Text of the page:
Artist impression of floating ACPR50S nuclear power plant
© CGN press release

China’s next generation nuclear vision includes rolling out a series of floating marine power plants to light up offshore initiatives by 2020, a government spokesperson for science and technology has confirmed.

A five-year-plan published in March 2016 detailed China’s desire to boost its nuclear generating capacity. The development plan also pledged to “strengthen” sea oil and gas exploration, a goal that would be buoyed by offshore nuclear sites.

According to Wang Yiren, a director at China’s State Administration of Science, Technology and Industry for National Defense, floating nuclear stations will help provide the extra juice necessary for powering China.

Yiren told China’s Science and Technology Daily that offshore energy supplies such as diesel generators are inefficient for offshore initiatives such as oil drilling.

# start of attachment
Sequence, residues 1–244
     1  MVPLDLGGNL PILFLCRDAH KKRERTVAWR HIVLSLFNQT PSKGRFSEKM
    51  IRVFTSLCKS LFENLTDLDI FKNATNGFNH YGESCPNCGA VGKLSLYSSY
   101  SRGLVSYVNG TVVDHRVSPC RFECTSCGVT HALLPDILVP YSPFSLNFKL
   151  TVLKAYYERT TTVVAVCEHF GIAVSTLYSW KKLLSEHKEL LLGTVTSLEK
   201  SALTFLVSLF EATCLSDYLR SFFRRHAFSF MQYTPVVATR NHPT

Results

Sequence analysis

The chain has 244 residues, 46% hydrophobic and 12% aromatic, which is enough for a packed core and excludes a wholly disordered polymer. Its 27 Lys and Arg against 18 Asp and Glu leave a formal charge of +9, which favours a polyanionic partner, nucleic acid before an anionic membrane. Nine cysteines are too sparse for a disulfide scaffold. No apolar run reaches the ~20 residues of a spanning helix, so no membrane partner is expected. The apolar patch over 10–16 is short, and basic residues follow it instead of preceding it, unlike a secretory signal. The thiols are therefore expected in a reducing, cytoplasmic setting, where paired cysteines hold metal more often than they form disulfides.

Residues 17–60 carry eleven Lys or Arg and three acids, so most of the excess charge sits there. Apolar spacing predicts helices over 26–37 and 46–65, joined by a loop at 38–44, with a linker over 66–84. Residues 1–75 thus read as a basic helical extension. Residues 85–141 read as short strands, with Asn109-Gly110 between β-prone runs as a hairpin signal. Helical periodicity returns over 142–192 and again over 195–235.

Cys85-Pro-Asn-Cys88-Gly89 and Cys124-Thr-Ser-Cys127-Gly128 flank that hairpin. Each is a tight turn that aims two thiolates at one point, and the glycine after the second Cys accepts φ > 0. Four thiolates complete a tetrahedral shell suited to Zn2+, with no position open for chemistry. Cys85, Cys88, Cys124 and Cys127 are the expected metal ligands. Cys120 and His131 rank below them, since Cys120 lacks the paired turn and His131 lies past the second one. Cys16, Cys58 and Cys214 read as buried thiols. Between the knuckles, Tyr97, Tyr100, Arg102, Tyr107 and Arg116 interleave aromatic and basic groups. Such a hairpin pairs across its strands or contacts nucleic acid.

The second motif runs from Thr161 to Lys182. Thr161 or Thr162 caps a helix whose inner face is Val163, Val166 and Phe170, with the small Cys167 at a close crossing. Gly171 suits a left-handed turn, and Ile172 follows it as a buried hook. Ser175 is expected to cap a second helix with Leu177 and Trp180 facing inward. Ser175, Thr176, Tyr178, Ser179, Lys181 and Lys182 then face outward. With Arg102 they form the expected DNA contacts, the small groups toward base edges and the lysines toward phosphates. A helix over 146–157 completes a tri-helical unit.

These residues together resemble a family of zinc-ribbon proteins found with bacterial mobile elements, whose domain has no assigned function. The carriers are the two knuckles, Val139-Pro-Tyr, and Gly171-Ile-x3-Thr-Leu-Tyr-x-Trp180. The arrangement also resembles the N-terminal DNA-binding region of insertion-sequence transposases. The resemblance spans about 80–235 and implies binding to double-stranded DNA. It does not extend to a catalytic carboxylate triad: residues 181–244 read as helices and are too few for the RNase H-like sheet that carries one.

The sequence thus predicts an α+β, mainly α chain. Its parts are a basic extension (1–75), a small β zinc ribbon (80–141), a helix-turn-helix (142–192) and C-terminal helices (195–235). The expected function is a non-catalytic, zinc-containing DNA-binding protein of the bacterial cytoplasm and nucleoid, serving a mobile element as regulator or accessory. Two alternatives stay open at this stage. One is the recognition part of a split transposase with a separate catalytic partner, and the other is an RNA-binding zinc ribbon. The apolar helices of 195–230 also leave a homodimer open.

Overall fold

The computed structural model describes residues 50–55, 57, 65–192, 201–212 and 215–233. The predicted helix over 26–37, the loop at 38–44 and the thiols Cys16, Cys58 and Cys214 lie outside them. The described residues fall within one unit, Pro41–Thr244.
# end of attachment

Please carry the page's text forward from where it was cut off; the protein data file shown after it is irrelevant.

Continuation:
He confirmed floating power platforms are a major component of China’s latest five-year plan, while the Atomic Energy Agency has conducted research into key technology for the development.

China currently has 36 nuclear power plants in operation, while another 21 are being constructed.

Although China’s latest social and economic strategy does not mention floating power plants specifically, an objective to “accelerate the development of new generation nuclear power equipment” is included.

The document also centers on building a modern energy system, a focus which could see China’s coastal power belt overhauled and the “construction of independent nuclear power projects”.

In 2015, China’s National Development and Reform Commission approved a project by the China General Nuclear Power Group (CGN) to build a floating reactor. CGN – the nation’s largest nuclear operator – said at the time that project ACPR50S could provide “electricity, heat and desalination” to islands and offshore energy exploration.

Construction of the large nuclear ship began in November last year, with the state-owned Dongfang Electric Corporation signed on to take delivery of the vessel.

In design concept images, the floating plant resembles a cruiseliner, except it contains a small 200Mwt reactor.

Similar marine energy plants are also being developed by the Nuclear Power Institute of China, who in 2015 partnered with a UK-based engineering firm to create a “first-of-a-kind nuclear vessel”.